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Mulcair on the long gun registry

  1. Muclair so far has the only reasonable position on the gun registry.

    • It is reasonable. Reasonable to criminals who don’t register guns and thus don’t use it.
      Reasonable to Public Sector Unions who get generous taxpayer financed jobs for doing very little to administer it. Reasonable for law enforcement who get one more avenue of access to personal and private information.

      • no.

      • Same argument applies to vehicle licensing.
        And the other side is, if we happen to catch a criminal who hasn’t registered their gun, then we have a reason to take said gun away, even if they get off of the other crime through some technicality.

        • The criminal won’t have a licence. Registration is redundant and impossible at that point.

          • Try reading. Here, let me point out the bit you seem to have missed: “then we have a reason to take said gun away, even if they get off of the other crime through some technicality.”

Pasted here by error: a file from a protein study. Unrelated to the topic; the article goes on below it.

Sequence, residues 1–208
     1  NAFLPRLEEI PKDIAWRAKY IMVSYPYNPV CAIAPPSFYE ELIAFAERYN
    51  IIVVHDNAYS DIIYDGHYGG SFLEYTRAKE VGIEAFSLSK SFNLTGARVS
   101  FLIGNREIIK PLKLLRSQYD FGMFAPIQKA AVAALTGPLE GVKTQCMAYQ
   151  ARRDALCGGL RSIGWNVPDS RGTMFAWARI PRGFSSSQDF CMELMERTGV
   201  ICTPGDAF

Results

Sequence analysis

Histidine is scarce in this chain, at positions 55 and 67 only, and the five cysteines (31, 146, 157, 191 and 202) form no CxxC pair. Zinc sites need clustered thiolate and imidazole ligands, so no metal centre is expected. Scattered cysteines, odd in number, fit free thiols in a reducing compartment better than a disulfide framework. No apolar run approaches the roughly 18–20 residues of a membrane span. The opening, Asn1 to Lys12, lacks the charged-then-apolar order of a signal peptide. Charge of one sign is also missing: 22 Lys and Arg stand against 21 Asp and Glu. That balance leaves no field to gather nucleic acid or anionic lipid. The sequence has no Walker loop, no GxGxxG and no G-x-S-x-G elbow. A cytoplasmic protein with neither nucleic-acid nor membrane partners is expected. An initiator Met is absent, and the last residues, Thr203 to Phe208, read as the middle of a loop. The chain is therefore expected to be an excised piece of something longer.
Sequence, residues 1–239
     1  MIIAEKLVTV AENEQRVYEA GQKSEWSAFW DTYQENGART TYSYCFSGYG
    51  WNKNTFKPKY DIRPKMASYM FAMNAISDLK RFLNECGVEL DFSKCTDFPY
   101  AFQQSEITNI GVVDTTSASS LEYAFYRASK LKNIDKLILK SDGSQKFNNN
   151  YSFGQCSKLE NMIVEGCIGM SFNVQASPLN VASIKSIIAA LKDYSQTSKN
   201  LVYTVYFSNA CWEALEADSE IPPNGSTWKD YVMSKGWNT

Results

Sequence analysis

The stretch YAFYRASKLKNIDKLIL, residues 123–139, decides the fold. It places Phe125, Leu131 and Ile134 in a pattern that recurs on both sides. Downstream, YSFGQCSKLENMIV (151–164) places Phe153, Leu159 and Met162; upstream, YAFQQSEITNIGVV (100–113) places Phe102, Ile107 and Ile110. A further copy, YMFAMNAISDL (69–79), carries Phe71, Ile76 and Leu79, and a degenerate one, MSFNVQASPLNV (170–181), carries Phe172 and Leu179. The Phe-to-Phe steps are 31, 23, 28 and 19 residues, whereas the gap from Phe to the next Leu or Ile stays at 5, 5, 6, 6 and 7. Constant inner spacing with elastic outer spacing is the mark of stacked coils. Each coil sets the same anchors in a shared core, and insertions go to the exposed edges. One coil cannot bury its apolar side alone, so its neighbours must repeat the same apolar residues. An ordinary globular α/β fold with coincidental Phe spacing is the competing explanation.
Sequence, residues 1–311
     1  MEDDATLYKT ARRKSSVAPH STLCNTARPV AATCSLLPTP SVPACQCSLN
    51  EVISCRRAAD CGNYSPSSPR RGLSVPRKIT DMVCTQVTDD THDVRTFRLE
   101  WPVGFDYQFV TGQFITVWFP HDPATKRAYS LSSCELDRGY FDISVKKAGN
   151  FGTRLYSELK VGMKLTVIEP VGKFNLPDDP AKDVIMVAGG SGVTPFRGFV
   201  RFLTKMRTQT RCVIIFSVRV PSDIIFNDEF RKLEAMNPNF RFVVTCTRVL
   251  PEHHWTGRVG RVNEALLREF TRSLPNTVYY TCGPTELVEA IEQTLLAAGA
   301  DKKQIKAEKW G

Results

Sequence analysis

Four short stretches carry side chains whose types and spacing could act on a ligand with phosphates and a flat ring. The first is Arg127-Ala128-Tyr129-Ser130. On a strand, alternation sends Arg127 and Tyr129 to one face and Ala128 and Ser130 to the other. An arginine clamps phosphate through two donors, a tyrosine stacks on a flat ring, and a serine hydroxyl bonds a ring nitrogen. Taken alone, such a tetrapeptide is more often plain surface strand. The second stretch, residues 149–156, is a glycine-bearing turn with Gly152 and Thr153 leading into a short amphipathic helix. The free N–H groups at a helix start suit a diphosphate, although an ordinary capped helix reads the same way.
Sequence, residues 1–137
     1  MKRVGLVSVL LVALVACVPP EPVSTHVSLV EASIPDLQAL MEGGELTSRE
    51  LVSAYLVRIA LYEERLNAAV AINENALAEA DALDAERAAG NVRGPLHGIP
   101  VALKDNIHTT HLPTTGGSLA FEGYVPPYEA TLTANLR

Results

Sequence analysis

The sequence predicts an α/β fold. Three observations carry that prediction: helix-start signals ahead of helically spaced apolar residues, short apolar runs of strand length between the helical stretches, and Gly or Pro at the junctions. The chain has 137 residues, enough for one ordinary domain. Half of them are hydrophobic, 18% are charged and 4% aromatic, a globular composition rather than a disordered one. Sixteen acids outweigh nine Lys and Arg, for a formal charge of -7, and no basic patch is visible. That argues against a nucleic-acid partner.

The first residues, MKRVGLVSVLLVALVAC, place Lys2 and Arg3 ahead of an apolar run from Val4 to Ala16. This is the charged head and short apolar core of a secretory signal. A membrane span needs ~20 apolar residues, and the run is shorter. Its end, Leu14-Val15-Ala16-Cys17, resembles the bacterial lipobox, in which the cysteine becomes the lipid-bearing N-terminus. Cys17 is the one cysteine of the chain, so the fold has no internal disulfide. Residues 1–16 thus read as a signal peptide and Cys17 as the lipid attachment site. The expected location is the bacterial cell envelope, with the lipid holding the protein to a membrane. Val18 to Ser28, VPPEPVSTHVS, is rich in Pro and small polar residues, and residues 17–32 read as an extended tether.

Consider, with no registry, law enforcement has no recourse to take a gun away from a person if some sort of mistrial occurs on the main offence.

  2. Mulcair doesn’t even realize those issues, which are real problems with Canadas gun laws, are with C-68, not the gun registry. The gun registry has never made anyone safer, it is simply a political wedge issue that they all use for leverage. Sure, the Chiefs of Police are all for a gun registry… but keep in mind that they were also AGAINST the Charter of Rights and Freedoms, and all for the warrantless access to your internet.